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VI IN WHICH I AM UNHAPPY AND MEET A TALL WOMAN IN THE WOOD
When the vines dropped back from Ravenutzi’s hand upon the wall of boughs through which the Ward and her Keepers passed, it was as if the step that carried them out of sight of the Outliers had also carried them out of knowledge. Not an eye that any other eye could discover, nor any inquiring word strayed upon their vanished trail. In the three days before they returned to the Meet, or it was proper to mention them, they would have visited the King’s Desire, and Zirriloë would be informed of everything pertinent to that connection.

During these three days no Outlier concerned himself with their whereabouts lest he should be thought to have some concern about the Treasure. With the exception of 115Noche, I believe no Outlier had even so much as curiosity about it. It had been so long since any man had seen it, that until Noche’s account of what the cache contained began to be current, I think they had not any clear idea what the Treasure might consist in. It was something that the Far-Folk wanted and the Outliers did not mean they should get. The struggle kept alive in them tribal integrity and the relish for supremacy.

The practice of not speaking of the Treasure during the three days’ absence of the Ward, had taken on a rigidity of custom which Herman and I did not feel ourselves bound to observe. We could talk of the Treasure and of Zirriloë, and we did that same morning.

When the shadows were gathered close under the forest border, and even to our accustomed eyes there was no sign of the Outliers, other than the subdued sense of gladsome life spread on the pleasant air, I found a place I knew. There the creek went close about the roots of the pine between shallow sandy shoals, and there Herman came to talk to me of the Love-Left Ward. As he sat there at my feet pitching stones into the shallows, that effulgence 116of personality which had streamed from him at the opening of that day, and now suffused his manner with an unaccustomed warmth, lay quite beyond my reach.

Some of the dread with which Daria had met the obliteration of memory and identity, moved me to draw from Herman an assurance that nothing could quite wipe out from him all recollection of the fellowship and the good times we had had together. It began to appear an alarming contingency that I should be turned out at any moment in a strange country to find my way back to life in company with a man I did not know and whose disposition toward me was still to be learned. It would have become Herman to be very nice to me at this juncture, and while I sat feeling blankly for the communicating thread, he began to talk of the Ward.

“Some of the women should have gone with her,” he said; “somebody interested in her. It’s all stiff chaparral from here to the ridge. The girl will never stand it.”

“You don’t really know where they have gone,” I hinted, “and Daria doesn’t seem to have suffered.”

“Oh, Daria! But this girl needs looking 117after. You can see that it means a lot to her, losing—everything. She would have appreciated—things. That string of red berries now—she would have done justice to rubies.”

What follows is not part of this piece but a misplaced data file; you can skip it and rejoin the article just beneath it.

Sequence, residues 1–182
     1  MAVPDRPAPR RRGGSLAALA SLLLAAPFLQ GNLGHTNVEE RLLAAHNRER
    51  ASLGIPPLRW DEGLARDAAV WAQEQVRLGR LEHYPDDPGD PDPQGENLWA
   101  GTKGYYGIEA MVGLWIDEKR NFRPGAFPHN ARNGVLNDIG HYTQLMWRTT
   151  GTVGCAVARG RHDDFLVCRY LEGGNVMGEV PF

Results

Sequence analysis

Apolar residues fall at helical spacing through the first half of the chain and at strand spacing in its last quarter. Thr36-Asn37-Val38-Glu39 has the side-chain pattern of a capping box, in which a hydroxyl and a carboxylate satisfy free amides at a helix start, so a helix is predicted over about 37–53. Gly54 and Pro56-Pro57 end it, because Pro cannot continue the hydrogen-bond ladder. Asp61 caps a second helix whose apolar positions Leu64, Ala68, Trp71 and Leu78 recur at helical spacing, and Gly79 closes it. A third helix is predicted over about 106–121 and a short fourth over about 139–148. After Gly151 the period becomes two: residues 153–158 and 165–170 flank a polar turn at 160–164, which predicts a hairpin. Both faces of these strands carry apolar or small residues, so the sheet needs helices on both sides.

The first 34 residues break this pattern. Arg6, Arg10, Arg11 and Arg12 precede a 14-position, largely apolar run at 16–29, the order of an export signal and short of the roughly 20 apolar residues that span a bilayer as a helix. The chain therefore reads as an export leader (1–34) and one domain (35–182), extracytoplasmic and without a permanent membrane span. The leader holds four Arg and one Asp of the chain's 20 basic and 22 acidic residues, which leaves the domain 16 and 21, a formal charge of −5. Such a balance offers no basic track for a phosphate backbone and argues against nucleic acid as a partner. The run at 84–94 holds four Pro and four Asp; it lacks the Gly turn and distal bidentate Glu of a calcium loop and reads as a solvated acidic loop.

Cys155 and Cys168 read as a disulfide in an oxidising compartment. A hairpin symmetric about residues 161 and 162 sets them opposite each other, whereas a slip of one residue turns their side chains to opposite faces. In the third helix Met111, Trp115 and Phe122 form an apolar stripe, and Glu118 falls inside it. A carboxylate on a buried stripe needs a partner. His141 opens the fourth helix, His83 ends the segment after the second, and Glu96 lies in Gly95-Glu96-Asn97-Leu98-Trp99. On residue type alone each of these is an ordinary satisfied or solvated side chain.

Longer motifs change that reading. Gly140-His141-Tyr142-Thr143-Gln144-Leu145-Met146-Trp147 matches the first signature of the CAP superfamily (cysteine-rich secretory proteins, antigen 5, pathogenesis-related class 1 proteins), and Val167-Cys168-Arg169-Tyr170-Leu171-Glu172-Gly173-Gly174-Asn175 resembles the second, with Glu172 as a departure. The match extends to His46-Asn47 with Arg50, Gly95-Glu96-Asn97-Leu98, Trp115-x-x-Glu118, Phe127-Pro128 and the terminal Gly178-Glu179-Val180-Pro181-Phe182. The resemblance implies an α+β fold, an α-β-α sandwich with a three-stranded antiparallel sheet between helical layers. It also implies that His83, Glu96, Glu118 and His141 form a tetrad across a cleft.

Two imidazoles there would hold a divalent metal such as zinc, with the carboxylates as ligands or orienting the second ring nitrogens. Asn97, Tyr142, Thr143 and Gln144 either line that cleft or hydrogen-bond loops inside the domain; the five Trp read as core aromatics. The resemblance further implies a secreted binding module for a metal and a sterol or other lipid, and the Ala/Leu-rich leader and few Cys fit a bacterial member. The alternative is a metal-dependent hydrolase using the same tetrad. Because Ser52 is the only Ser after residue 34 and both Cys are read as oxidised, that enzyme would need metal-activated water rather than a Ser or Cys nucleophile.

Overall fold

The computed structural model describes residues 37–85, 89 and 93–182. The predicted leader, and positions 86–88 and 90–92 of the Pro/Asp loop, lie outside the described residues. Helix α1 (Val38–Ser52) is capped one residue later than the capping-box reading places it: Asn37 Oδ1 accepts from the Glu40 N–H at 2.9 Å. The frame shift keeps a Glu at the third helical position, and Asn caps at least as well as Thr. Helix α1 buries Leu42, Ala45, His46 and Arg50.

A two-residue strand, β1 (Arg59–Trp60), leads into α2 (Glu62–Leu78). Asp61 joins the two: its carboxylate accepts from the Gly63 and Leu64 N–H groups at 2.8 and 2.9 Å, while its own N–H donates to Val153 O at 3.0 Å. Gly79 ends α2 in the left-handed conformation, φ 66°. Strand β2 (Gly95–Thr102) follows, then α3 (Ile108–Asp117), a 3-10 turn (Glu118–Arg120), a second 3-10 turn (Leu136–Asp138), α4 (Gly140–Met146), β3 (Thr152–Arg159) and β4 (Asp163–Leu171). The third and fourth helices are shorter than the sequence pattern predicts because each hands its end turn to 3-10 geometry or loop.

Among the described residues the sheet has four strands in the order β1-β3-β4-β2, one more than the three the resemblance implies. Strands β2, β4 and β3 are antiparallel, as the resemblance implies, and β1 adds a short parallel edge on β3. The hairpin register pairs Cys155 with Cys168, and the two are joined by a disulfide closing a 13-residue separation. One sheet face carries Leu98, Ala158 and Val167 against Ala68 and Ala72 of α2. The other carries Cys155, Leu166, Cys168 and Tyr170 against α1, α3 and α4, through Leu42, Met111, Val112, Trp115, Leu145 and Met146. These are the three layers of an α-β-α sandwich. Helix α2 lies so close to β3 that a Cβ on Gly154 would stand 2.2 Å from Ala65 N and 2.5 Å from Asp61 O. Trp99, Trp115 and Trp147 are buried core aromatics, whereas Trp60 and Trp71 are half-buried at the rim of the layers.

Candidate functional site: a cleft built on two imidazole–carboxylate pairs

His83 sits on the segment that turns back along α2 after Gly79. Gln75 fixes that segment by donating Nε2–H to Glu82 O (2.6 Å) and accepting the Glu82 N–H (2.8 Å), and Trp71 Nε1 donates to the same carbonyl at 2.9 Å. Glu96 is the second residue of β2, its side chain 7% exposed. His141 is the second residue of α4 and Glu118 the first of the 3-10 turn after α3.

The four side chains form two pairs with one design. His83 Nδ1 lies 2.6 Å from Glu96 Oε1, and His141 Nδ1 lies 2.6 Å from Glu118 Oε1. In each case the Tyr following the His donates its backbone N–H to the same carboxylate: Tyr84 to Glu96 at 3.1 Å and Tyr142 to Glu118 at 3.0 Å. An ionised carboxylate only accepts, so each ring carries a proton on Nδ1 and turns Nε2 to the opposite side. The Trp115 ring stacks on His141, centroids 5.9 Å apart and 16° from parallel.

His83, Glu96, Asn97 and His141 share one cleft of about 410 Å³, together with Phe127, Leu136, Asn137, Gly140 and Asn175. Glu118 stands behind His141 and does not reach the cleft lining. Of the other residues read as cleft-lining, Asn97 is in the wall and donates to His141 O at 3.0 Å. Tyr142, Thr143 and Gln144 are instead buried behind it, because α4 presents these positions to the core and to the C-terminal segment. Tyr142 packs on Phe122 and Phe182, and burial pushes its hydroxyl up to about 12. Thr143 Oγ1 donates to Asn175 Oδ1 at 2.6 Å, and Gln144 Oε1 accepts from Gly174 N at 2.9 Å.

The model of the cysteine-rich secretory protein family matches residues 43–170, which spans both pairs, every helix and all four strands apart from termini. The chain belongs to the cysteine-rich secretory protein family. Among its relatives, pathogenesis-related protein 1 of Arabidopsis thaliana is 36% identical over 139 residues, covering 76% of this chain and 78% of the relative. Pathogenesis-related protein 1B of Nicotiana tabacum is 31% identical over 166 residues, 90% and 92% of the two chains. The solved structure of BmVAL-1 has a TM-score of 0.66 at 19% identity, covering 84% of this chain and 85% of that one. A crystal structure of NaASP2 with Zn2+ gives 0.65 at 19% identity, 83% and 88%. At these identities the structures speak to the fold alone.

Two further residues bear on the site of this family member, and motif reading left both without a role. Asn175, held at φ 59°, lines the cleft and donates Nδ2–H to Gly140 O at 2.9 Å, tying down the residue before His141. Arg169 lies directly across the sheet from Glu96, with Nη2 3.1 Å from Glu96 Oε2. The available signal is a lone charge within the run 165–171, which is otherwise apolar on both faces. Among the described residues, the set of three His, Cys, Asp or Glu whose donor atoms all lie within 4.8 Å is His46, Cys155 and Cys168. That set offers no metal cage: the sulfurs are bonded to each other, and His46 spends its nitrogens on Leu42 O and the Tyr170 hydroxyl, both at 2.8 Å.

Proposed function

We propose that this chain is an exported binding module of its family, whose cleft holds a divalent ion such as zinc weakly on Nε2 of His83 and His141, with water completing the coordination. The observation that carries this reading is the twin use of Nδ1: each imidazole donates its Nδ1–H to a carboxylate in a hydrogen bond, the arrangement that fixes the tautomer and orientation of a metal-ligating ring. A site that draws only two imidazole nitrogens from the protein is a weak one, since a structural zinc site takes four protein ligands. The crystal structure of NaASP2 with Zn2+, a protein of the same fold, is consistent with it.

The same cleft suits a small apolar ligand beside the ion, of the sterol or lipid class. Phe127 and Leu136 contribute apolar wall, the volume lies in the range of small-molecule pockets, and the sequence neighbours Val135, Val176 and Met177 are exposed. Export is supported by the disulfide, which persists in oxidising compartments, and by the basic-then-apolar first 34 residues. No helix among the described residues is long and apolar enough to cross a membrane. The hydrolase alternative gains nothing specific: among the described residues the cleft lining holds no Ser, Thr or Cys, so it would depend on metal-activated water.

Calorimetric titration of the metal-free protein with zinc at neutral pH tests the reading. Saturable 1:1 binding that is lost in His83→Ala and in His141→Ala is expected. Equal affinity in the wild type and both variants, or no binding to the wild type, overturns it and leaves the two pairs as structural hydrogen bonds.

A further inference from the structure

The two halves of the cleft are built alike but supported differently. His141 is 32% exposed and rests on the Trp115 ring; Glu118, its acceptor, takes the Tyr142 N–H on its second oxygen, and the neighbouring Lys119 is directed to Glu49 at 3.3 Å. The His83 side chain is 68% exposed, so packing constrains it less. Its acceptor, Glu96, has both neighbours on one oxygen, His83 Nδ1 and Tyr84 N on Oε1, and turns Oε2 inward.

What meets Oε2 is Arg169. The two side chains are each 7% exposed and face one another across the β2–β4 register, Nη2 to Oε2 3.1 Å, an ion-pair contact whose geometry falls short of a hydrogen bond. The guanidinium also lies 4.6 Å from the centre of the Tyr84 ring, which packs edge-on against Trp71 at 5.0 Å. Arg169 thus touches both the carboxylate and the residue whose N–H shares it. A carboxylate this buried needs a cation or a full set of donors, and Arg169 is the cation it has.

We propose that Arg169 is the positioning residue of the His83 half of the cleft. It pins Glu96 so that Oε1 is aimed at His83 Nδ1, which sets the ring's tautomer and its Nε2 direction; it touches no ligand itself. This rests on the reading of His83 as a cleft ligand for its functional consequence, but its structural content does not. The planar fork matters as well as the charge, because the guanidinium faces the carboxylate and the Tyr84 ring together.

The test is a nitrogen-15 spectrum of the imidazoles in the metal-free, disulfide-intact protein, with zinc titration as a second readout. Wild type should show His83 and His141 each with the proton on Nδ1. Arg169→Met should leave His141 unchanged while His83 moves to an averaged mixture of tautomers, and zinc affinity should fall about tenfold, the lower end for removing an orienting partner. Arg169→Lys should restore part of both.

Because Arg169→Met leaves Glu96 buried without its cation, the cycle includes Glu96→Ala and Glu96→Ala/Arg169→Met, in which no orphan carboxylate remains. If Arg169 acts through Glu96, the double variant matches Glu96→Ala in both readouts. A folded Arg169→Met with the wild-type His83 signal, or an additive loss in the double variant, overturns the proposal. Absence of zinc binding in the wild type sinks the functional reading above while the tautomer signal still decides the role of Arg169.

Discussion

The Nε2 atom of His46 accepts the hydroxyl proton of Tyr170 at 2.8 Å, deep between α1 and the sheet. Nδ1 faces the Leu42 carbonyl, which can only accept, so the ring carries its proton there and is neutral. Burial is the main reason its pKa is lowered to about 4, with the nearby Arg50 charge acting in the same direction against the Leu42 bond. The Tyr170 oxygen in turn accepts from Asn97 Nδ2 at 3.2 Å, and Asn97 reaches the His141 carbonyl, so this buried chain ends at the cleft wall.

“The great necklace of red stones? Well, she probably knows where they are by this time.”

“A lot better use for them than keeping them in a hole in the ground,” Herman insisted, “especially when it costs the youth of a girl like that to keep them there.”

“I know at least one Outlier who will agree with you.”

“Who, then?”

“Mancha.”

“Did he say that? What makes you think so?”

I have often wondered why having gone so far I did not go further and tell Herman frankly what I thought I had discovered of Mancha’s state of mind. I have wondered oftener, if I had spoken then, if anything would have come of it different or less grievous than what did come. Whatever prevented me, I answered only that he seemed to me a man less bound by custom and superstition 118than his fellows, and Herman agreed with me.

“But I can tell you,” he said, “that Zirriloë wouldn’t hear of it. You can just see how her whole soul is bound up in the keeping of her vows. She could be true as death to—anybody.” He went on to say how he derived this assurance from the way the sun-touched color of her cheek spread into the whiteness of her neck, and from the blueness of the vein that ran along her wrist, and her springy walk. He ran on in this fashion taking my agreement very much for granted. What I really had thought was that in spite of her beauty and wraptness, the girl had rather a shallow face and would be as likely to be as much engrossed and as sure of herself in any other circumstances. And I was so much disappointed at Herman’s extraordinary failure of perception that I could not allow myself to say anything about it. I felt that a personal note must unreasonably attach to any woman’s attempt to show that a more beautiful one is not necessarily a woman of more personal fineness. I was so irritated with myself for being irritated that I was glad to hear Evarra calling down by the willows, and to leave Herman pitching 119pebbles into the shallows. Though it turned out that Evarra was asleep under a madroño and nobody had called me.